Author: Claire Jones
Posted on: Financial Times | October 18th, 2017


The European Central Bank looks set to remain active in the eurozone bond markets for most of 2018, confounding expectations that policymakers would end their landmark €60bn-a-month quantitative easing programme as early as June next year.
ECB watchers now expect Mario Draghi, its president, to say at the next governing council meeting on October 26 that the central bank will continue its asset purchases until next September — or possibly even December 2018. “It’s the first time since QE began that the communication from the eurozone’s monetary policymakers is clear: both the hawks and the doves seem in agreement that it will be a slow taper,” said Frederik Ducrozet, economist at Pictet Wealth Management. The trade-off is that, in exchange for staying in the market for longer, the eurozone’s central bankers will, from January, buy fewer bonds each month. The figure could fall from the current level of €60bn to as low as €20bn, should the ECB’s governing council extend QE until December 2018. Up until recent weeks most analysts had expected the council to buy €40bn-worth of bonds a month, but only for the opening six months of the year.
Investors care more about the total amount of assets the ECB buys than the speed of its purchases. So what are the advantages of buying fewer bonds each month but remaining active in markets for longer?

Stronger rate guidance

The prime motive for a slower taper is that it would push back expectations of an interest rate rise in the eurozone into 2019. That, in turn, should remove one of the big stumbling blocks to an exit from QE — the strength of the single currency. The bank’s main refinancing rate is now zero, while its deposit rate is at minus 0.4 per cent — in effect a charge on banks for holding cash. The ECB council had promised to keep rates at record lows “well past the horizon” of QE to cement the region’s economic recovery.

By 2019, the US Federal Reserve’s main interest rates are expected to rise from the current level of between 1 and 1.25 per cent to about 2 per cent. The widening of the gap between eurozone and US interest rates should keep a lid on the single currency and increase the chances of the ECB hitting its inflation target of just under 2 per cent. “The main reason for doing it is to strengthen the forward guidance. That’s what is on the council’s mind the most,” said Carsten Brzeski, economist at ING-DiBa, a bank.

Address scarcity

A chronic problem with eurozone QE is that markets have long suspected that the ECB could run out of assets to buy given that the legal limits on what government bonds it can purchase are much stricter than for other central banks. The design of the programme means bonds are bought according to each national central bank’s capital share at the ECB — in effect mirroring the size of member states’ economies, the biggest being Germany’s. The issue is that there is not that much eligible German debt to buy.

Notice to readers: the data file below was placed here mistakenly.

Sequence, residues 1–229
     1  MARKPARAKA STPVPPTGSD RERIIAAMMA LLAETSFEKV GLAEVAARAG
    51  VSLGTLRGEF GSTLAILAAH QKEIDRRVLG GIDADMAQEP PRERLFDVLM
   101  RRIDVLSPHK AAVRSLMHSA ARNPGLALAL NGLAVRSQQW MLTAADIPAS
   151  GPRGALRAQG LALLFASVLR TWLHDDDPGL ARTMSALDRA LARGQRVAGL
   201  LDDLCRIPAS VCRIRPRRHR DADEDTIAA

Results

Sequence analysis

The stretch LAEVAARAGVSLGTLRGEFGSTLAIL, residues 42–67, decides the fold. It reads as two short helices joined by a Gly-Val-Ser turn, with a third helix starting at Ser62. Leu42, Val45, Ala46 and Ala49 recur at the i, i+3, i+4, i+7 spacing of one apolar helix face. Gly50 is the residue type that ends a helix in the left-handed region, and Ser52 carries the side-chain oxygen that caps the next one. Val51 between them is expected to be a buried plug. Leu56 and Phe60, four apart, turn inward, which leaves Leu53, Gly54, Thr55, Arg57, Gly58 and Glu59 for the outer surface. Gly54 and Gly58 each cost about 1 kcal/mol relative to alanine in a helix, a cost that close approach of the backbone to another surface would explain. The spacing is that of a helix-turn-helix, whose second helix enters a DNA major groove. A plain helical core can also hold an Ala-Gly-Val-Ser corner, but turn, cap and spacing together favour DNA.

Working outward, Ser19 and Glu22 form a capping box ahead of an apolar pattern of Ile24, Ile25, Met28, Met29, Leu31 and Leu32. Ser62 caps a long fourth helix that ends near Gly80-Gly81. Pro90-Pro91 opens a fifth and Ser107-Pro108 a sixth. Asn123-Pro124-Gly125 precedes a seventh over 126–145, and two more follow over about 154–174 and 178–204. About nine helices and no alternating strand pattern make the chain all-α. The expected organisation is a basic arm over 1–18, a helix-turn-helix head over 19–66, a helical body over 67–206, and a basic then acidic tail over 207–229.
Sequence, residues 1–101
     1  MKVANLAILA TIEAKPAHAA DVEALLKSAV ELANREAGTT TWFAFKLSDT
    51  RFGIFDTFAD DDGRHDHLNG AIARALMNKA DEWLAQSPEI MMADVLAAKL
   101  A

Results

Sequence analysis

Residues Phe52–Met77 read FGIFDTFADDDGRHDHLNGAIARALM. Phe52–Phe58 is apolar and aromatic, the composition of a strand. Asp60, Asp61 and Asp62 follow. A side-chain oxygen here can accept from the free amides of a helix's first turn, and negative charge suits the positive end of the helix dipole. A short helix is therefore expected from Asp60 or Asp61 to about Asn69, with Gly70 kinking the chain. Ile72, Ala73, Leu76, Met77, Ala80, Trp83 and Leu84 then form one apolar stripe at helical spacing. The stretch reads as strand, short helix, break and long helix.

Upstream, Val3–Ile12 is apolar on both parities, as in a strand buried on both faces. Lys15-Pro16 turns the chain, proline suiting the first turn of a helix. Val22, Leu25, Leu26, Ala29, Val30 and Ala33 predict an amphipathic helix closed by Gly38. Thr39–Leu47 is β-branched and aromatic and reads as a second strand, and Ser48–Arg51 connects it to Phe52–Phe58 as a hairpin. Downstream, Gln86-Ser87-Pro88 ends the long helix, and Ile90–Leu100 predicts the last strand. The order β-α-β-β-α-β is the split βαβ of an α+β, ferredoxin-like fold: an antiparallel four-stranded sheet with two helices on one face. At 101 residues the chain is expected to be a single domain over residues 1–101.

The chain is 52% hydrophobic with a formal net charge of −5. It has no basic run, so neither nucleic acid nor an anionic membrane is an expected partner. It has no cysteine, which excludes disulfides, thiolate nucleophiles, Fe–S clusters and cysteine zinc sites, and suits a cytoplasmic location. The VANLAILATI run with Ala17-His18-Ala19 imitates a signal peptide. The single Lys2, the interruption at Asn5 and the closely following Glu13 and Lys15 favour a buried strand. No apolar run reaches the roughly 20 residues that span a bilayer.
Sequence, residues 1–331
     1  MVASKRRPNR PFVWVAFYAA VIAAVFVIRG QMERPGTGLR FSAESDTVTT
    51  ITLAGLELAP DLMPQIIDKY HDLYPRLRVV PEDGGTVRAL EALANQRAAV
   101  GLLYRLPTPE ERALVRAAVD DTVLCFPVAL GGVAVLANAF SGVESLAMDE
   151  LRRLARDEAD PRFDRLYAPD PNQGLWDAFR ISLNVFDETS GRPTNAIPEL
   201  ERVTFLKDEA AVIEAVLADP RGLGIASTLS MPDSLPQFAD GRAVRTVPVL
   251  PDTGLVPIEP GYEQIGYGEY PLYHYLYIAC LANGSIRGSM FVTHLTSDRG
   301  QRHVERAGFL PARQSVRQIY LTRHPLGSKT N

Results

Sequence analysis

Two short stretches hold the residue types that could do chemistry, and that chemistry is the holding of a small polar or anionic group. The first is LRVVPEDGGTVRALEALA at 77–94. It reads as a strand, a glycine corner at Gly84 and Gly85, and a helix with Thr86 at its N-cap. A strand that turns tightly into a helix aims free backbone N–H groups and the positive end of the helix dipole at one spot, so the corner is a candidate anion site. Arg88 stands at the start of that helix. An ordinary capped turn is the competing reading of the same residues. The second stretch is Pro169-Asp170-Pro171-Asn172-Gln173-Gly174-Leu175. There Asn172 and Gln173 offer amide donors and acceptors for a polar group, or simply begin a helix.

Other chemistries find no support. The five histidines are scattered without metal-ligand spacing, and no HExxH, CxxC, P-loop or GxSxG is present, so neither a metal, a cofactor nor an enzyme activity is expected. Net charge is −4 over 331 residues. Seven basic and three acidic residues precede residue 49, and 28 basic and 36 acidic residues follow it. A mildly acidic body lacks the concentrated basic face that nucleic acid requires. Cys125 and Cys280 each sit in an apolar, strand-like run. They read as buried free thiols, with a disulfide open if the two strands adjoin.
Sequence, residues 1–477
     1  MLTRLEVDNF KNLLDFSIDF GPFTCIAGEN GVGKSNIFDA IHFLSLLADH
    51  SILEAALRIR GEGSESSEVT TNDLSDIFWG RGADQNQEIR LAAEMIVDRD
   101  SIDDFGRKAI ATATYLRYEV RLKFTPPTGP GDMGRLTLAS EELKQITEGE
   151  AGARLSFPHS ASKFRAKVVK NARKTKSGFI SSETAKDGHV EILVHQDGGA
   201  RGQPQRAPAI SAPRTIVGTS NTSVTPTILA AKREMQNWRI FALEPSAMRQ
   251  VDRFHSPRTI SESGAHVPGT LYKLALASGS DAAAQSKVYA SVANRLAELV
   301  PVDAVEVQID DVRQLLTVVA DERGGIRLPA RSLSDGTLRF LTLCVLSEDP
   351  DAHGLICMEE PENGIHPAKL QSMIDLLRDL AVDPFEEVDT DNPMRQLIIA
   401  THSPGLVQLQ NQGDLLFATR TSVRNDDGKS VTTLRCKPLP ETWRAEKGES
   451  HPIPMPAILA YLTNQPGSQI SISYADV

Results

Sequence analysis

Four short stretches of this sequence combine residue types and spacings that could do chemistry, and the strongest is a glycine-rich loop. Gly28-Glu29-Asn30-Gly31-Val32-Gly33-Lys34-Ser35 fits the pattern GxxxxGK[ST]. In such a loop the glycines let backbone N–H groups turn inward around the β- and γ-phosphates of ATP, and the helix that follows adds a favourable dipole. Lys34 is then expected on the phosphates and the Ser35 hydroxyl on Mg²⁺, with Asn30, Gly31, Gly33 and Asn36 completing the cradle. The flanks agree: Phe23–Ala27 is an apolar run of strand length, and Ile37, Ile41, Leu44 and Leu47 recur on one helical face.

Those limitations become looser the longer the programme goes on for and the slower the pace of purchases, with more debt becoming available to buy over time as German authorities issue more debt. Share this graphic Officials think there are about €300bn worth of eurozone bonds left that they could buy. They would prefer to commit to purchases of slightly less than €300bn to have some room to speed up should conditions deteriorate. “You have to give yourself some room; the larger the reduction, the greater the credibility,” MrDucrozet said.

Avoiding tantrums

Another appeal of a slower taper is that it is a suitable compromise for policymakers and European investors. It would give markets more time to prepare for the day when the ECB is no longer adding to its stock of government bonds, while also committing policymakers to keep rates low for a long period of time. Policymakers are increasingly confident markets can cope with less support. “Economics is not quantum physics — we don’t know exactly how markets will react,” said one member of the council. “We’ll try to minimise as much as possible the impact on markets, but we don’t need to act in a way that will inflict a lot of damage.” And while hawkish members such as Germany’s Bundesbank would prefer an earlier exit, they also know that a cut in purchases from €40bn in June to zero in July is unlikely to happen. A decision to commit to a longer taper could prove the cheaper option. Any objections are likely to remain in-house and will not spill over into the public domain

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